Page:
JOB TITLE: Senior mechanical test engineer, Sikorsky Aircraft (1984-1999); membership chair, Society of Women Engineers – Wisconsin
FAVORITE TRINITY MEMORY: Graduating! You have to understand that I was the only woman in my graduating class to receive an engineering degree. I experienced a very challenging four years of study, and I was somewhat shy and did not interact with my male classmates, which made it that much more difficult.
What is your role at the Society of Women Engineers? I recently served as SWE’s membership committee chair for the whole 30,000-member organization. I led a committee that included members from around the country and two international members: one in Canada and one in Qatar. At the moment, I am still on the committee and I am also the membership chair for my local Wisconsin section of SWE, which has more than 200 members.
How do you think more young women can be encouraged to pursue careers in STEM fields? Encouraging women to pursue careers in STEM fields starts at an early age. We still seem to have a certain stigma in this country about women entering engineering; hence, of all the working engineers in the United States, we are lucky if 15 percent of those are women. That is an insanely low number. When I graduated from Trinity, that number was 8 percent. Engineering is a great profession, but we need to do a better job in promoting it. When I was growing up, my dad worked his entire career at Pratt & Whitney as an engineer. I always would ask him what he did at his job, and he would enthusiastically answer with an explanation that included lots of acronyms and words I did not comprehend. So I walked away not truly understanding engineering until I got to Sikorsky. I was fortunate that I loved math and science and stayed with engineering, despite the fuzzy vision, and I learned that I wanted to be able to explain engineering to someone of any age, from kindergarten on up. To explain engineering is challenging because it touches virtually every part of our lives. Tell kids we are problem solvers, and you may get some funny looks. I believe hands-on programs are one of the best ways to encourage young people to pursue engineering. This could be in the form of robotics clubs, Girl Scout badge workshops, Project Lead the Way efforts in school, and similar programs.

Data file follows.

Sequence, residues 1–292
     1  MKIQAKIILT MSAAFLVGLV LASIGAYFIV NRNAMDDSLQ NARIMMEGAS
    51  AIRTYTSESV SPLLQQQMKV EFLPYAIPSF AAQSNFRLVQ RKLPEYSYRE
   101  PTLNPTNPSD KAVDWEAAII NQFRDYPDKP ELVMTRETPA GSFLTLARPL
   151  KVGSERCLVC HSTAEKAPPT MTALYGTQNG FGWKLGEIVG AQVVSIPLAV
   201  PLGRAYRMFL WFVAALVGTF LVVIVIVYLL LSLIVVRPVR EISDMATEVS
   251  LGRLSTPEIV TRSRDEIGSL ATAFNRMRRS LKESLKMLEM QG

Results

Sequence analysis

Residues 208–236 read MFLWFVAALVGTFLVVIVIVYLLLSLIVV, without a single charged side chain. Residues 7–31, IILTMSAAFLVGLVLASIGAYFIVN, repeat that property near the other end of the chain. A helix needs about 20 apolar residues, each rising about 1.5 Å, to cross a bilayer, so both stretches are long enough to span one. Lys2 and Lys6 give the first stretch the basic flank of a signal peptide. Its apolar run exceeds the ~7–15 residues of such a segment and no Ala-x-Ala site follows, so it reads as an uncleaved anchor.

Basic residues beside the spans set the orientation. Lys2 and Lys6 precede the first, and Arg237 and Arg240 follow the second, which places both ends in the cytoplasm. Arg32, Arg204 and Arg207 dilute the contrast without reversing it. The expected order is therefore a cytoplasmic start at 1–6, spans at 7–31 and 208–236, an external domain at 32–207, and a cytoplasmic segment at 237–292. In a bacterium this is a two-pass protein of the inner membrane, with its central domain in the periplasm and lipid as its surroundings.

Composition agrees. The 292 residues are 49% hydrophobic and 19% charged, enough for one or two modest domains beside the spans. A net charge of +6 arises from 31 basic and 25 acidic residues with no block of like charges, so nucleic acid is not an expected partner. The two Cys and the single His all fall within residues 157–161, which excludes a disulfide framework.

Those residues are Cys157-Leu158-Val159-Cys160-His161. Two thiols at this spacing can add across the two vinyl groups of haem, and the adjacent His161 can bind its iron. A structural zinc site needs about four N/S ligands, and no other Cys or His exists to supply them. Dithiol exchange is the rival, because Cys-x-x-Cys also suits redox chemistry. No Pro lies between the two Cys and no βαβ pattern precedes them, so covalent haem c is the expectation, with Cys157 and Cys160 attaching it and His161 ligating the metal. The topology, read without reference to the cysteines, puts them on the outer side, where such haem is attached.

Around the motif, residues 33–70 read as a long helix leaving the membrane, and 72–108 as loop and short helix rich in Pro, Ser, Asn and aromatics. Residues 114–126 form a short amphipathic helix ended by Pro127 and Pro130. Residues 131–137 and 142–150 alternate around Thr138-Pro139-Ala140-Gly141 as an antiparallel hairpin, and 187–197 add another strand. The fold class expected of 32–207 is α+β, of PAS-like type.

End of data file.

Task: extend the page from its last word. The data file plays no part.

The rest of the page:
What are some of the challenges for women in engineering, and how have you confronted them? Some of the challenges for women in engineering would be the lack of flexibility in work schedules (although that continues to improve) and the difficulty in remaining current in your field during periods of unemployment. I chose to stay home as I raised my family and continue to do so because that was the right choice for me and my family. I tell everyone I am home “engineering my family.” I have been continuously active with SWE for more than 30 years and will continue to do so (I am a life member of SWE). If I had chosen to go back into engineering, I would try to be creative in constructing a job that would fit my employer’s needs as well as mine and those of my family.
What do you find most rewarding about your work? The most rewarding thing about the work I did with Sikorsky was knowing that we were producing such great products and that those helicopters were helping do good work around the world. The most rewarding thing about the work I do now is teaching my three young children and watching them learn and grow. In addition, being a mentor and teacher to many potential engineers is rewarding as well.
How did your experience at Trinity College prepare you for your career path? It prepared me well. The faculty and administration could not have been more supportive of me in my decision to study engineering. I owe great thanks to professors such as August Sapega, Joseph Bronzino, and David Ahlgren, who were members of SWE when I was attending Trinity. They understood that you did not need to be a woman in order to be a member of SWE – you just needed to be on board with the goals of wanting to see more women in engineering classes and in engineering jobs. They had the vision to team up with the local Hartford section of SWE, and we were able to charter an SWE section at Trinity College. I was the first SWE section president at Trinity in 1984. The faculty and SWE were instrumental in preparing me for my career path.